Knowing and Saying Goodbye to Sundararupa dasa
By Sudharma dasi
Sundararupa passed away on the eve of Srila Prabhupada’s landing here in America. Just as the new day after his disappearance brought the anniversary of Prabhupada’s preaching in the West, it is our hope and understanding that Sundararupa’s new day will be one of sharing Krishna consciousness for and with his Spiritual Master, Srila Prabhupada.
Sundararupa was my closest friend, companion and partner. In these 20 years of our marriage we did most everything together. He was the father of my children and the centerpiece of our life, and he will truly be missed.
In that spirit, I wanted to take a few moments to offer some thoughts and memories in memorium. Each one of our devotees is very precious, and we often discussed together how, if we could find a way to fully support and honor each devotee and well wisher, our movement would strengthen and grow. So, in that spirit, here are some of the thoughts and lessons that were most dear to Sundararupa.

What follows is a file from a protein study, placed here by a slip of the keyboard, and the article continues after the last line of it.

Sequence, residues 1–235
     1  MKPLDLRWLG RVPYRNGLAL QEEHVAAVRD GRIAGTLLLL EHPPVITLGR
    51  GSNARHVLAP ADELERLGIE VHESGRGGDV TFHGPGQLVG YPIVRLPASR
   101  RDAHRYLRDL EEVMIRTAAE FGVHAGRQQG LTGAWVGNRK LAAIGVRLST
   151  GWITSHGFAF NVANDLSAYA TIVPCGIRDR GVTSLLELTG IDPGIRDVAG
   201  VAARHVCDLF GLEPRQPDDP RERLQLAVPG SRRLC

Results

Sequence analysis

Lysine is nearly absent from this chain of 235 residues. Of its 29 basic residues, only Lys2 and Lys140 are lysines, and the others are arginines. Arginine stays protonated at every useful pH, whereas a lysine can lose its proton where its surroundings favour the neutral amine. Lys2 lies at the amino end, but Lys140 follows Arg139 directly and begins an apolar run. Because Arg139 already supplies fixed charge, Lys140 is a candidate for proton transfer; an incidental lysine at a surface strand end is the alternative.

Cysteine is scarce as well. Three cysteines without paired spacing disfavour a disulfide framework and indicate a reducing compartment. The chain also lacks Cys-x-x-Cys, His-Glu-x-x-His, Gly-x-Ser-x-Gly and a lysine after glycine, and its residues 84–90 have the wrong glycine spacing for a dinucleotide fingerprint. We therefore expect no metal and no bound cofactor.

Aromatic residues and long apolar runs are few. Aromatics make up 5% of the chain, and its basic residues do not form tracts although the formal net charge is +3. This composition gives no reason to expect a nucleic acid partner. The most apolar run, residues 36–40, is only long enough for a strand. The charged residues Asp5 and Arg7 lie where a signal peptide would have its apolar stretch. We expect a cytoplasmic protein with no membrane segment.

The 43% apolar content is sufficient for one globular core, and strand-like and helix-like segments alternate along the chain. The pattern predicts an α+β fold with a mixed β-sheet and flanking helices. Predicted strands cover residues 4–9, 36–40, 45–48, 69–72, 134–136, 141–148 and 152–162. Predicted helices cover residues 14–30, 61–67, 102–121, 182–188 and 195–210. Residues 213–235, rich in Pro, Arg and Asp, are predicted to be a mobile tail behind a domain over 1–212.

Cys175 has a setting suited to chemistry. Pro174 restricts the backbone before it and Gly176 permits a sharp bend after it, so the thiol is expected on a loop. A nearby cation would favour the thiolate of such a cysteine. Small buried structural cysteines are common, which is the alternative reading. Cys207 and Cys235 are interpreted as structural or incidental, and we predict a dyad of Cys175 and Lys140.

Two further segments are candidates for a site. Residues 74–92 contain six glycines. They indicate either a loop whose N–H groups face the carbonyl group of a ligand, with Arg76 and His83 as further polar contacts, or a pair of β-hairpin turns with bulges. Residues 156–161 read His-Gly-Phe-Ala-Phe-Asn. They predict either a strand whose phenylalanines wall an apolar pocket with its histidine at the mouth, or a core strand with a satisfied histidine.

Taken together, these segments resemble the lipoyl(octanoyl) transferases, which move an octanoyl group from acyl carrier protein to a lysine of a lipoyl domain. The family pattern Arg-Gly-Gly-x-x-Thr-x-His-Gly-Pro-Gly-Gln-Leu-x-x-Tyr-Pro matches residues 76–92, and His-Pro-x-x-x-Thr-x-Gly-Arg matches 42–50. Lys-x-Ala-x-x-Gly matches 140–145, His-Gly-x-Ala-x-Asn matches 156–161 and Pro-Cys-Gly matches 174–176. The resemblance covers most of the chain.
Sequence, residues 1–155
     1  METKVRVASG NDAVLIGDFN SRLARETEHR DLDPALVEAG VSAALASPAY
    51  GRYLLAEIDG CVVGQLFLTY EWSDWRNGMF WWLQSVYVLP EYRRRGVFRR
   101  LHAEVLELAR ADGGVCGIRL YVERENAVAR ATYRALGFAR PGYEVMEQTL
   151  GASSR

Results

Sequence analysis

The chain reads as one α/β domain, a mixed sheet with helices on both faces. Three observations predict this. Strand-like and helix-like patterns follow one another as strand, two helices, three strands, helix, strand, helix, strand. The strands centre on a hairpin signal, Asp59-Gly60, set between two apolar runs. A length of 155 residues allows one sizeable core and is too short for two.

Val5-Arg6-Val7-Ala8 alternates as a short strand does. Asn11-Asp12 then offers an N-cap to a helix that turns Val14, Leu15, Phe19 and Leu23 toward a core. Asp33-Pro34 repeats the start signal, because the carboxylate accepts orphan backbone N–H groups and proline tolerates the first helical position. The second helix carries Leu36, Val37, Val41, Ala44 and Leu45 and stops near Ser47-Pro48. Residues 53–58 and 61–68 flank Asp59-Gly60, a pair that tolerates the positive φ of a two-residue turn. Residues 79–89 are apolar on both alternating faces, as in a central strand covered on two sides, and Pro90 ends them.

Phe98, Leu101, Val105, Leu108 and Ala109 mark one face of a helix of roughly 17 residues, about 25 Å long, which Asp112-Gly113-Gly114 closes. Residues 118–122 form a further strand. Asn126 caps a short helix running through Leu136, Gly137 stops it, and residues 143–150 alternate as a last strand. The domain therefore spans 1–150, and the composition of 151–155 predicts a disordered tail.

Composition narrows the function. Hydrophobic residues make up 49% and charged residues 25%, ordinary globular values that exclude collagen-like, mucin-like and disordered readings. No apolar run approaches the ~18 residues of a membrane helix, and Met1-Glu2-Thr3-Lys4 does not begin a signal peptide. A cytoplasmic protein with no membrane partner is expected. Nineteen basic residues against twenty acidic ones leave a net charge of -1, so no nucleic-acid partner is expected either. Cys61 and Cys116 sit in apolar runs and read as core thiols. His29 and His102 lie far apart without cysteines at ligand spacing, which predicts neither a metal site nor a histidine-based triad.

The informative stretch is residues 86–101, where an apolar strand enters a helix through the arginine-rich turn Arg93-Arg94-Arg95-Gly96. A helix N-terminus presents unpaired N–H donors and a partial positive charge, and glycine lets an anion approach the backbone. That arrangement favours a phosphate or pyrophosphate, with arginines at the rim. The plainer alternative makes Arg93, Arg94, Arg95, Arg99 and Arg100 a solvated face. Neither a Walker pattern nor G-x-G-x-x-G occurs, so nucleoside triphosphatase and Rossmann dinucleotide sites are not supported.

Sundararupa often spoke about the importance of not just a strong leadership and management, but also of strong ministries, projects and communities. While he felt it was important to have strong, visionary leadership, he also felt that the ministries, projects and communities brought the necessary dimension to our movement, dimension that would lose color and variety if only based on what he termed ‘top down management.’ He compared this concept to cloth, the lengthwise threads representing the relationship of devotees to leadership and management, and the horizontal threads representing the ministries, communities and projects. He always emphasized that these (the horizontal threads) were the threads that held our movement together.